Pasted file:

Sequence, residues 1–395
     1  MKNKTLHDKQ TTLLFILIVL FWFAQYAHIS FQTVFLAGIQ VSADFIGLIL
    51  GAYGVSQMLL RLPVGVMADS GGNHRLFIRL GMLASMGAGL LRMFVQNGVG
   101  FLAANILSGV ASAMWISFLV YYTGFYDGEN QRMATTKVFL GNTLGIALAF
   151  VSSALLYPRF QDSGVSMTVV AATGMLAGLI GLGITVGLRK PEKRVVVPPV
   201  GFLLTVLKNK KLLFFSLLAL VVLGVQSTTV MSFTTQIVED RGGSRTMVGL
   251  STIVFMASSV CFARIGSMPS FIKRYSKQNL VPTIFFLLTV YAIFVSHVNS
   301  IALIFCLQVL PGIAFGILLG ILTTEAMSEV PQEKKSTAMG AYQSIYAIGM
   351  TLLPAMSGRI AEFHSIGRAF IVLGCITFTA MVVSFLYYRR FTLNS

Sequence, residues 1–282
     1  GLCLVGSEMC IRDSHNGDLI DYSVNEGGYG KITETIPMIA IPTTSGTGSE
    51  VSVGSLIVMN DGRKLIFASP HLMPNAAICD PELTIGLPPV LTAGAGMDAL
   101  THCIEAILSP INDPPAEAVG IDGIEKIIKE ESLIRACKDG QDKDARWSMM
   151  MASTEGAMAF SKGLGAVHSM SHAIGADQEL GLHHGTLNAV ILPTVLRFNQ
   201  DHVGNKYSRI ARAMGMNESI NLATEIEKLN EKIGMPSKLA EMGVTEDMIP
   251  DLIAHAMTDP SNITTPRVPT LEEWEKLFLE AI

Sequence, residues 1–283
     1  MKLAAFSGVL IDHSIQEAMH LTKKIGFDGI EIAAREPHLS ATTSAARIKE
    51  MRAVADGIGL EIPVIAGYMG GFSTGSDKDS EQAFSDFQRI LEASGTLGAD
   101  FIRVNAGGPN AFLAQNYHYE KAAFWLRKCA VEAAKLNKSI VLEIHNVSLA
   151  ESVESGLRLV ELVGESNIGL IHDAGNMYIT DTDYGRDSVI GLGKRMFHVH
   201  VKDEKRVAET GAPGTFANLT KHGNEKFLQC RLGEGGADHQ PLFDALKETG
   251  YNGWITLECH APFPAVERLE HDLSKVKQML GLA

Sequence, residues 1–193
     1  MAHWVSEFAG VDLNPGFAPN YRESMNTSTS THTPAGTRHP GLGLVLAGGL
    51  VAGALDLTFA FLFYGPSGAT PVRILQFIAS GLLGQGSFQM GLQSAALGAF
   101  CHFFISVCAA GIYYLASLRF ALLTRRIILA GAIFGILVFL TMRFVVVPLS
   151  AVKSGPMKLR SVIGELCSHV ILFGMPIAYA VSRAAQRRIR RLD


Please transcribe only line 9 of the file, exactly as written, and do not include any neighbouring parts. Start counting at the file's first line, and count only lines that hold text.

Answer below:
   351  TLLPAMSGRI AEFHSIGRAF IVLGCITFTA MVVSFLYYRR FTLNS